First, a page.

Written by guest blogger Chad Gaffield.
UTP Journals Blog 8 February 2021
The use of digital technologies is now widespread in historical research, teaching, and societal engagement. This past year of online activity during the COVID-19 pandemic accelerated the trend in which historians rely, to varying degrees, on digitally-enabled scholarly practice.
But what does the increasing use of digital technologies mean for historical scholarship? To what extent are there substantive differences between the virtual and physical, or the digital and analog in historical work? And what are the implications for historical practice?
Ever since historians began using computers in the 1950s and 1960s, enthusiasts and critics debated such questions in ways that resonate with today’s discussion of Digital History. This is surprising given the current emphasis on unprecedented technological change. Scholars point to the proliferation of mobile devices, the increasing availability of digitized and born-digital data, and the growing number of easy-to-use applications such as the text reading and analysis tool, Voyant, that are relevant to historical scholarship including undergraduate research.
In contrast, my recent article in the CHR argues that meaningful change in the relationship between History and computers has never been technology-driven; in fact, the invention of increasingly powerful and accessible technologies did not correlate with an increased use in History until very recently. In “Clio and Computers in Canada and beyond: Contested Past, Promising Present, Uncertain Future,” I reinterpret the changing meaning of digital technologies within the dominant disciplinary commitments and institutional conditions of History.
As a contribution to the growing scholarly interest in the history of Digital History, this research project is rooted in my Canada-based experience as a participant-observer of digitally-enabled historical scholarship since I began doctoral studies in the mid-1970s. A glance at my collection of hardware illustrates how rapidly the technology has changed since then, in both expected and unexpected ways.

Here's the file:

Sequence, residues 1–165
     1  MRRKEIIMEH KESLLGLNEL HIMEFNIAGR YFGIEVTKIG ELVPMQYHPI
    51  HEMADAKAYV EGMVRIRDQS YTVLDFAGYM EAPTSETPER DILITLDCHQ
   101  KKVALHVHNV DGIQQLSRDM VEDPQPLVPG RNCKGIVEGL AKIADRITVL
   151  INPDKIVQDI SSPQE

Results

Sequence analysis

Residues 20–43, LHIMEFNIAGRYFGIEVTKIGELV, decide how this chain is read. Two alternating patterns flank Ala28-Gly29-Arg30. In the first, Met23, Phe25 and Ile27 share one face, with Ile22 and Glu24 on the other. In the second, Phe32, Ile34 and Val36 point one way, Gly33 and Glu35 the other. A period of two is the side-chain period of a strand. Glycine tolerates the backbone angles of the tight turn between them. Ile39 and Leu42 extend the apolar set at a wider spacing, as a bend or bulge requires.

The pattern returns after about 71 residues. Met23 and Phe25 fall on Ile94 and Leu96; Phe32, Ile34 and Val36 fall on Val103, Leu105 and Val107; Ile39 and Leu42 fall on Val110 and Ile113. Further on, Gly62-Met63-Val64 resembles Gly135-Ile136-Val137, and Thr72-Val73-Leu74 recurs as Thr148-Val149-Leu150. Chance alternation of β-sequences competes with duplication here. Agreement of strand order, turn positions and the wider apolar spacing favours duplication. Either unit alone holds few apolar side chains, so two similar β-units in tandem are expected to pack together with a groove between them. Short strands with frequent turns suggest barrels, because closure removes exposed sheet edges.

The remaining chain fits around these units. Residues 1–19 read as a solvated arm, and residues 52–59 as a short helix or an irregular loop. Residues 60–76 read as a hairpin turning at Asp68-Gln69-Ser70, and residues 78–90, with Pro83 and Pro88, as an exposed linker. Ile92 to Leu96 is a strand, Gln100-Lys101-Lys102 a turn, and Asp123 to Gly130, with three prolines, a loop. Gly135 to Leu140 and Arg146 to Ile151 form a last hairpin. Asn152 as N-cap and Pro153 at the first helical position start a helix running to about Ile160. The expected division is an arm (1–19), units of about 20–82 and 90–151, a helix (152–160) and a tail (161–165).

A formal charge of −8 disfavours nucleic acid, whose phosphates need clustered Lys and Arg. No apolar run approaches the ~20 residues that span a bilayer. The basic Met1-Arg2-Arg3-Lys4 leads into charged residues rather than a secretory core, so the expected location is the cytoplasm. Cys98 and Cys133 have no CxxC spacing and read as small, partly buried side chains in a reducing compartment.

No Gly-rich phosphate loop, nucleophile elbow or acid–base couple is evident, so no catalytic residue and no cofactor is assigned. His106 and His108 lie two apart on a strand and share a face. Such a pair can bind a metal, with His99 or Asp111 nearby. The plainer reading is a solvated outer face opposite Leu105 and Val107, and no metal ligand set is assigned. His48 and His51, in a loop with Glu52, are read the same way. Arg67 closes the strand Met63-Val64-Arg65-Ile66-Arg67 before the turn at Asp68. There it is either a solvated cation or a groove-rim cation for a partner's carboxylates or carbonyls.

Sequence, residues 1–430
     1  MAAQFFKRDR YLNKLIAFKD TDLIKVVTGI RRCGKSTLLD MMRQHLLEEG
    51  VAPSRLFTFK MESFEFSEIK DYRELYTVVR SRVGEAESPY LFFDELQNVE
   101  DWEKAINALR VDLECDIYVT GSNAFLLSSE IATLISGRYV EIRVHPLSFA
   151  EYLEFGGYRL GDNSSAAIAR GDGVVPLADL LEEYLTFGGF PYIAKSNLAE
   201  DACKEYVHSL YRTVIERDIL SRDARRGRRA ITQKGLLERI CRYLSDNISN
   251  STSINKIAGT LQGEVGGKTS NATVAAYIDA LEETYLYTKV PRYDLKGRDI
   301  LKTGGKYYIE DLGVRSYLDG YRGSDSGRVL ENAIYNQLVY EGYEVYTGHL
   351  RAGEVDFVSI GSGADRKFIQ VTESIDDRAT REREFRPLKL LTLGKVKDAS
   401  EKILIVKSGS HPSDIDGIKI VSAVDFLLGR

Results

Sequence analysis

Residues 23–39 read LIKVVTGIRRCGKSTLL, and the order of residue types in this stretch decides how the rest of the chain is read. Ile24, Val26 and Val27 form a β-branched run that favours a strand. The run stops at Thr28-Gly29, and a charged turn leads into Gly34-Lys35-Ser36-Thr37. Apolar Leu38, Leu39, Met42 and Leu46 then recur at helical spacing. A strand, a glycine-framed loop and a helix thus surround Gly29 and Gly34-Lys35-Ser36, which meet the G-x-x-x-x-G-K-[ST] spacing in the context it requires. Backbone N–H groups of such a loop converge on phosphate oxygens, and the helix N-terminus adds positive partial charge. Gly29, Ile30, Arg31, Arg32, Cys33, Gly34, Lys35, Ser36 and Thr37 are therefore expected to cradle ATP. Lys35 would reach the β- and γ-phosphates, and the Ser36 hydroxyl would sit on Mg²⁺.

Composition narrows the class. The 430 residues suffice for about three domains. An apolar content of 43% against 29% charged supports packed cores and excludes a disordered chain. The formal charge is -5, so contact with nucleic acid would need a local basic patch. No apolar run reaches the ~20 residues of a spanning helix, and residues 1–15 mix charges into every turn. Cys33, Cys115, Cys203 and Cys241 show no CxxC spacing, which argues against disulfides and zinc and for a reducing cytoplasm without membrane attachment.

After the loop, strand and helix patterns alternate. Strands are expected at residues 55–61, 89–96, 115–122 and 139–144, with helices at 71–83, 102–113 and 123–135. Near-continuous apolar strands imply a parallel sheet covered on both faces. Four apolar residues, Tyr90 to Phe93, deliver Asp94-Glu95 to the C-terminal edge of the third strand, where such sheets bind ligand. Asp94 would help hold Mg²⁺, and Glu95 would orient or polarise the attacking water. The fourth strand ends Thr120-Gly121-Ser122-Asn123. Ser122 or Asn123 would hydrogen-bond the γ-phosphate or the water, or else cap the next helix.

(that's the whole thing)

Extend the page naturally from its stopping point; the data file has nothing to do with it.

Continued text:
The first magnetic tapes that I used in the later 1970s replaced my initial boxes of punched Fortran cards and offered exponentially greater capacity while promising an elegant permanence for my historical work.
Image 1: Coding sheets and cards. Image 2: Mag tapes.
The arrival of microcomputers and diskettes sparked a new sense of personal control and greater accessibility during the 1980s, while the subsequent CDs and DVDs promised to take historical scholarship to a whole new level of immediate evidence-enriched engagement about the past. In comparison to the technologies I have used in the past two decades, this hardware is forgettable and, indeed, largely forgotten as technological changes render them unusable.
Image 3: Diskettes. Image 4: CDs.
But what should not be forgotten is how historians perceived and sometimes used the various computer technologies with consequences that proved to be rewarding, disappointing, surprising, and controversial in ways that are often familiar today. Moreover, the historical evidence that I have examined thus far reveals that many of today’s discussions about Digital History focus on epistemological and ethical issues that earlier generations of historians grappled with as far back as the 1950s. Debates about topics such as digital preservation, control, access, funding, curriculum, interdisciplinarity, collaboration, and scholarly evaluation have long histories with insights relevant to current work in Digital History.
Rarely were computers seen as benign either by enthusiasts or critics. By situating technology in History’s changing disciplinary and institutional contexts, we can better understand how these contexts can both enable and undermine computer-assisted historical scholarship. In this sense, my CHR article invites both reflection on the past and historically-informed engagement with the present to advance Digital History in ways that build upon the core values of historical scholarship.
Chad Gaffield is Distinguished University Professor at the University of Ottawa where he holds the University Research Chair in Digital Scholarship. His recent publications include “Words, Words, Words: How the Digital Humanities Are Integrating Diverse Research Fields to Study People,” Annual Review of Statistics and Its Application 5, 2018.
His article, “Clio and Computers in Canada and Beyond: Contested Past, Promising Present, Uncertain Future” appears in the latest issue of the Canadian Historical Review.